By Lucy Wilkins
BBC News Online
"We're not all obese, lazy, drug-taking hooligans."
Teenagers fear that negative media views show a wider public opinion
So said a child reporter from the Children's Express, fed up with negative reporting of children.
He had obviously been reading about "yobs", "thugs" and "monsters" in the newspapers.
Stories on anti-social behaviour orders, underage sex, violence, bullying and other topics seem to lump all teenagers into one unsavoury group.
Research by Mori, commissioned by Young People Now magazine, suggests that tabloid, broadsheets and local papers are too focused on negative stories of young people.
To improve the situation, the magazine, with the support of Education Secretary Charles Clarke, the National Youth Agency, the Youth Justice Board, the Children's Society, the UK Youth Parliament, YMCA and Nacro, has drafted a media code.
Minister for Children Margaret Hodge appeared briefly at the launch of the code on Tuesday before rushing off to discuss the role of the proposed commissioner for children.
She said one of the key roles of the commissioner should be to consider the portrayal of children in the media.
"They are completely fed up with the way they are portrayed," she said.
Margaret Hodge said children were fed up
"We know that the contribution young people make to their communities is tremendous.
"Nine out of ten put something back into the community...so the idea that all young people are involved in anti-social behaviour is not true."
Gaining balance in coverage - the good with the bad - is one aspect the code wants to encourage in the media.
The Mori research studied 17 tabloid, broadsheet and local papers which ran a total of 603 "youth" related articles between 2 August and 8 August this year.
Negative articles accounted for 71% of the total, with 14% positive and 15% neutral.
The tabloids - the Sun, the Mirror, the Daily Mail, the Express and the Star - carried the most youth-related stories and their tone was far more negative, it said.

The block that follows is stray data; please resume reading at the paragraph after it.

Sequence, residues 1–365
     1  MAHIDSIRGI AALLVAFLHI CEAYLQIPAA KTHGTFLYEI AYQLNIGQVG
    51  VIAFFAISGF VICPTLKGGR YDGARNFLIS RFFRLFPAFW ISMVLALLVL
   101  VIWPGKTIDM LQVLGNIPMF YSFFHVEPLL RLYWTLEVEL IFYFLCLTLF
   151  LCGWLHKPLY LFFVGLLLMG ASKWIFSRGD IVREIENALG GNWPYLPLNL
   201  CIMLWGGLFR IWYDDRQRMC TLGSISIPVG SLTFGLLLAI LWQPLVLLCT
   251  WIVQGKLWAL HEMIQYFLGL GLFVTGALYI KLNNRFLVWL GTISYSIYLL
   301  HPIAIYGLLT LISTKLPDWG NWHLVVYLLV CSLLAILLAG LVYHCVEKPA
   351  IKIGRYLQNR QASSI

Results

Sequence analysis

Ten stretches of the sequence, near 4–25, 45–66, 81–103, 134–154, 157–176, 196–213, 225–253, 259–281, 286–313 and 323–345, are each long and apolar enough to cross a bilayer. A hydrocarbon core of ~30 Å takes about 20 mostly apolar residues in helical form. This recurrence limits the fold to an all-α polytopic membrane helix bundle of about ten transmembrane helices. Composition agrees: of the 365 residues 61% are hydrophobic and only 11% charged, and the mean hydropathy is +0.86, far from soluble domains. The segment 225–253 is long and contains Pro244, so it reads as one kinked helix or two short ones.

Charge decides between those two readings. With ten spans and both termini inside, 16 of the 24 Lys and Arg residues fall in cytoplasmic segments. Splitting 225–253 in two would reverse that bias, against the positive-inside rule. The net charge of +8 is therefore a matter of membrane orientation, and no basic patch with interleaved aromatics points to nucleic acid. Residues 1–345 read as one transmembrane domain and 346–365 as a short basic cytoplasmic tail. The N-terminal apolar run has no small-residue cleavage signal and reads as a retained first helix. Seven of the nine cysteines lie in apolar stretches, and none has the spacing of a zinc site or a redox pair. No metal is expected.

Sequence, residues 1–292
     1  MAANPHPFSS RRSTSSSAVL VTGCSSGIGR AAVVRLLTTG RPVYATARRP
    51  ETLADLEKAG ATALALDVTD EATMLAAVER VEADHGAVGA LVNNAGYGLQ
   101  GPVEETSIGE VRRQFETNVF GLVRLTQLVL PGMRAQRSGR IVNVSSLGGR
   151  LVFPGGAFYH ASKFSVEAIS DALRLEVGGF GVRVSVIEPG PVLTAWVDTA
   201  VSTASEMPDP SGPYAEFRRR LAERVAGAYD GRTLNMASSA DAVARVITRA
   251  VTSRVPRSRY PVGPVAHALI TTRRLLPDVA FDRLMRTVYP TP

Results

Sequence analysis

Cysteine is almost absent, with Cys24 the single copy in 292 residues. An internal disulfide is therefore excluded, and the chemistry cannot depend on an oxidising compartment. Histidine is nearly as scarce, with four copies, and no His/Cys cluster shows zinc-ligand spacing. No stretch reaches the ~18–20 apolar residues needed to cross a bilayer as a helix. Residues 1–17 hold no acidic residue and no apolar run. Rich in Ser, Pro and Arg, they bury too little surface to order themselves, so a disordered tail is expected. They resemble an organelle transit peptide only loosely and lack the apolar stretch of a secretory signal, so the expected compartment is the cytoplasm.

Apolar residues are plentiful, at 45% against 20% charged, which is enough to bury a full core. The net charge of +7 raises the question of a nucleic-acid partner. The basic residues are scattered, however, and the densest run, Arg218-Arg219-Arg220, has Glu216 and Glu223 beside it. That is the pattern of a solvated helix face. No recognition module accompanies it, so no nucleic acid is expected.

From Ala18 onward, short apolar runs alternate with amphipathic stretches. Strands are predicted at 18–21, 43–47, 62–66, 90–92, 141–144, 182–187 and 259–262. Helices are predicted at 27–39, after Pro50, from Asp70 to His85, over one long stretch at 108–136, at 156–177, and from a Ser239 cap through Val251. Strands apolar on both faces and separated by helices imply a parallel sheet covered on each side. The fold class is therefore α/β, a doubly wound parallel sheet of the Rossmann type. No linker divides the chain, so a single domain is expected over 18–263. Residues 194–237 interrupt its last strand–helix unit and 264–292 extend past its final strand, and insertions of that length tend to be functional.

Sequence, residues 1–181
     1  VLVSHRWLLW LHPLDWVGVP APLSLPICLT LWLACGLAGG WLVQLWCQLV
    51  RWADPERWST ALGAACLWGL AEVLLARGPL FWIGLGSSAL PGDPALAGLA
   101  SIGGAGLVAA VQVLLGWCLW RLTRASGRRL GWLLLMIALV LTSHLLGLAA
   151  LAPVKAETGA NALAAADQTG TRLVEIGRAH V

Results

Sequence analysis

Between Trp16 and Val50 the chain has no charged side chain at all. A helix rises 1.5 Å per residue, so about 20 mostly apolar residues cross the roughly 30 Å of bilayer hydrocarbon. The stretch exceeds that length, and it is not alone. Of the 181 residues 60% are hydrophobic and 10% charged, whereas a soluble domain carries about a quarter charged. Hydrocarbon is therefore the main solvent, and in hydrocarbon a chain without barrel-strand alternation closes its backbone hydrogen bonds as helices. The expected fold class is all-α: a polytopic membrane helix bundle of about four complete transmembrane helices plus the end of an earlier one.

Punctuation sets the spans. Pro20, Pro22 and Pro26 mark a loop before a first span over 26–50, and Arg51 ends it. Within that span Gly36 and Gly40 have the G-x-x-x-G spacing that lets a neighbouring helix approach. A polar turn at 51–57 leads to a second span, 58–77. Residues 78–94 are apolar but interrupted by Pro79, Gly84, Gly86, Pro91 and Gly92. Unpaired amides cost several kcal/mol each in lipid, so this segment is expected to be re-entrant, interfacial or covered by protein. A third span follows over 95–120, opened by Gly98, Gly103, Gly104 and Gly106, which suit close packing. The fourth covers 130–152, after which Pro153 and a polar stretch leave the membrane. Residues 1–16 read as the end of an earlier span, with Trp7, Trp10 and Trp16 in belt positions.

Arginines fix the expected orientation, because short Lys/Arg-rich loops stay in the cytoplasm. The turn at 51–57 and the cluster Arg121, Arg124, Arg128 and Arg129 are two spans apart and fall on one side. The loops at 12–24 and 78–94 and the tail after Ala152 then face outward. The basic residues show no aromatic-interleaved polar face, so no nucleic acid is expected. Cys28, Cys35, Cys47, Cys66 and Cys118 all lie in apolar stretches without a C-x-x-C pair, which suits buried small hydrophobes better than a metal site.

"Tabloid stories reach a larger number of people, so these stories may have a greater impact on public opinion," Mori said.
The broadsheet stories were more focused on parenting and education, but these also contained stereotypes and bias, it added.
By far the most popular topic for the papers was violence, crime or anti-social behaviour, with the tabloids carrying 35 stories, the broadsheets 26 and local papers 33.
Karen Sutherland: Anti-social behaviour isn't all done by young people
Stories about achievements by young people ranked the lowest, with a total of 23 stories across the 17 papers.
Of the 26% of young people who admitted committing a crime, only 7% were involved with police, yet 33% of stories about young people focused on crime, the research found.
Other findings included that young people were only quoted in 8% of stories about themselves - an aspect the draft code wants to change by encouraging journalists to ask young people for their comment.
Seventeen-year-old Karen Sutherland made a comic sight amongst the gathered suited officials and media at the Westminster launch when she donned a bright orange wig and novelty glasses.
Pretending to be a pretentious reporter, she gave a report freely linking children to thugs and yobs.
Then seriously, removing her wig, she said: "The media do represent us unfairly and I do want to change that."
She used the example that when the Scottish anti-social behaviour act was reported, it was usually followed by a story about young people doing something bad.
"But anti-social behaviour is not just about young people.
"When the Edinburgh Festival is on, there are a lot of adults being anti-social on the streets."
The National Youth Agency's chief executive officer Tom Wylie said: "There are a certain proportion of heroes, and there are a certain proportion of villains, but most young people are ordinary.
"But the papers don't do ordinary - they don't do it for the rest of the population and they don't do it for young people."
The draft includes recommending that the media should use terms such as yob, thug, monsters, evil and gang with care and not as a catch-all term to describe all young people in trouble with the law.
It also wants the media to recognise that publishing the names of young people under an anti-social behaviour order puts them and their family at risk.
Finally it reminds the media that at least three other press codes exist in relation to reporting about children: the Press Complaints Commission Code of Practice; the International Federation of Journalists' guidelines and principles for reporting on issues involving children; and Unicef's principles for ethical reporting on children.